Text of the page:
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It is also possible that foreignstudent does not have a very good advisor and should consider looking around for another. Or even that foreignstudent does not have a "bad" advisor, but does not have a good advisor for him. Ideally, if a student is struggling, the advisor would try to provide helpful guidance. The form of this guidance should be tailored to the needs of the particular student. I have rarely found that just being told you're not doing well is sufficient "guidance" and it is not what I would consider advising or mentoring. Your advisor should discuss your potential research with you in a way that makes the exchange of ideas feel safe. As a new student, you will probably come up with some awful plans that may, however, contain a kernel of a useful idea. Your advisor should help you learn how to distinguish between ideas worth pursuing and those that for whatever reason wouldn't work, and then help you form a plan going forwards. If you enter a program with a lot of research experience already, you are more equipped to do much of this on your own. If you are new to research, it is not something you necessarily just know how to do. I also think the tone of this thread has been too negative toward foreignstudent, and I hope there is someone within his program he can go to for advice and assistance. And I do think that  switching to a new advisor with a different "management style" should be a serious consideration -- if the current pairing is not working well, switching sooner rather than later can save everyone a lot of grief. 

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If your boss asks you to do something, you can't just not do it. You can try and negotiate ("I'm overloaded with course work this week, can I present my research idea at the next meeting instead?"), or ask for clarification ("What is involved in presenting a research idea in this group? Is there an approach you'd recommend for doing this?"). But if I was a professor who asked a student to come up with an idea, have the student either say "Yes" or not reply (which would imply consent to a lot of professors), but learn that the student hadn't done what I'd asked...I would be annoyed. If the student then argued with me instead of apologising, I think I would be even more annoyed.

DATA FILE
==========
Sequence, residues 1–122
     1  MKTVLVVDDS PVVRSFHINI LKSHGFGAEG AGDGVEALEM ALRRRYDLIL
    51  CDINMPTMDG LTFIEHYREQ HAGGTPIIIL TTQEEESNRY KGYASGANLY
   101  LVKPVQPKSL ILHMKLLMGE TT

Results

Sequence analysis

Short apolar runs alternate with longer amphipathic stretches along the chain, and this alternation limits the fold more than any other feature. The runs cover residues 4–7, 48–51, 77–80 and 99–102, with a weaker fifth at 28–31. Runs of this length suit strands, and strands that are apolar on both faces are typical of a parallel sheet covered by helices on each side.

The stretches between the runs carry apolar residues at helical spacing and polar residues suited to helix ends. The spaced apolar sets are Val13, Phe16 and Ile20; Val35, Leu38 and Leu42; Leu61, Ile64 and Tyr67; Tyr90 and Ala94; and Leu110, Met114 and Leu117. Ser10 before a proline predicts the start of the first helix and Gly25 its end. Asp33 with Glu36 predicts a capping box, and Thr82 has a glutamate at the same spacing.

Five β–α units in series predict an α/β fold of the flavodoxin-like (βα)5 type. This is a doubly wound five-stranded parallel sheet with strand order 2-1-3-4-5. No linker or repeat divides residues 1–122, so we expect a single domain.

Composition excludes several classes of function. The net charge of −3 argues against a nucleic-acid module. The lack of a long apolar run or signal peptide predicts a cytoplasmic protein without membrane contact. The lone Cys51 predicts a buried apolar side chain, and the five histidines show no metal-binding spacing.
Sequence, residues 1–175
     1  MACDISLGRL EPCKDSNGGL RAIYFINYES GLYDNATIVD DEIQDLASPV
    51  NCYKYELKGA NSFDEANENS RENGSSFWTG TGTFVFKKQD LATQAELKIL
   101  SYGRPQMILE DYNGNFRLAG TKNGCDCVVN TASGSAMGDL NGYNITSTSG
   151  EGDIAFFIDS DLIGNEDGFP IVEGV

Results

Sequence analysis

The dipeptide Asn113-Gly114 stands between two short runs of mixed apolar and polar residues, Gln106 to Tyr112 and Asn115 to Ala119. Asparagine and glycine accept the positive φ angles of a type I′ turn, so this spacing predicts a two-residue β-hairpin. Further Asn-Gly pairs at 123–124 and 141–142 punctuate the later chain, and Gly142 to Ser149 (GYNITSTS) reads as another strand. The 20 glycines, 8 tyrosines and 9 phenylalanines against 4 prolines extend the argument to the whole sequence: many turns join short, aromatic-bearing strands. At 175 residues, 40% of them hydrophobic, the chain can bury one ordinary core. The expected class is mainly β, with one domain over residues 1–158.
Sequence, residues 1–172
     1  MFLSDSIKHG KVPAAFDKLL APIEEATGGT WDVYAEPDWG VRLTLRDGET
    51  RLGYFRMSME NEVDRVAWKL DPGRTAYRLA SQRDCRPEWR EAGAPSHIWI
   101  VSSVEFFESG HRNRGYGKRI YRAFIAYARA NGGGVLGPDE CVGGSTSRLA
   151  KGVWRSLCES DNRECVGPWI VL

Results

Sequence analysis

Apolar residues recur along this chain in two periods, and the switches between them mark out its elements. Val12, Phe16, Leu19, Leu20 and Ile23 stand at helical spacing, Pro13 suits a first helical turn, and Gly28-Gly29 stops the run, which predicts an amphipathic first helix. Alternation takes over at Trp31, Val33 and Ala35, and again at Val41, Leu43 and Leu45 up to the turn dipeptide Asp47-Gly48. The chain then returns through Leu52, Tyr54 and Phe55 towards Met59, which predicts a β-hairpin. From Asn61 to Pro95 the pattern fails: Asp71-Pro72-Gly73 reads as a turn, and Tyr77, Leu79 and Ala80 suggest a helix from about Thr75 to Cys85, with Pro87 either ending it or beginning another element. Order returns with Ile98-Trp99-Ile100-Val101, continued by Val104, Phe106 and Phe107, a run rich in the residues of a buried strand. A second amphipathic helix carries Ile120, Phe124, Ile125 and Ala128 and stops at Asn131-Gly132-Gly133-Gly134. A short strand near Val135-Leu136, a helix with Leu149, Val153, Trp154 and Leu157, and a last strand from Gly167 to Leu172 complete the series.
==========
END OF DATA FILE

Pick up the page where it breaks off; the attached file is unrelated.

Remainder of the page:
In the OP's place, I would try and put more priority on my research, and focus on saving energy with the TA work (you don't need to be perfect as a TA, it might mean relaxing how strictly you grade the papers or how closely you look at the answers to cut down on the time spent with the assignments). After my first semester as a TA I did become a lot more efficient, simply through experience. As others have said, getting the perspectives of other PhD students is important, as is communicating with your advisor about expectations as soon as they ask you to do something. This doesn't strike me as an issue about suitability for grad school: rather, learning about how to balance all the competing demands within the PhD experience.

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12 hours ago, hippyscientist said:

I respectfully disagree. I think many people go into grad school unaware of the demands and stresses. That is not to say they are not intelligent enough to get a PhD, but realise that they didn't fully appreciate what a PhD is and it's not the path they want to go down. I've seen this a lot in the UK so I may have a different take to US departments. 

I think we are essentially saying the same thing. I do think just about everyone are well suited, but realizing that it's not what you want to do for the next 5 or so years is rather normal. Students should certainly be open to quitting their program if they decide it's not what they want to do, but no one should quit because they feel that they aren't capable. 

 

A thick skinned attitude may serve you well at some points in life, but that doe not mean that we should encourage or normalize such climates.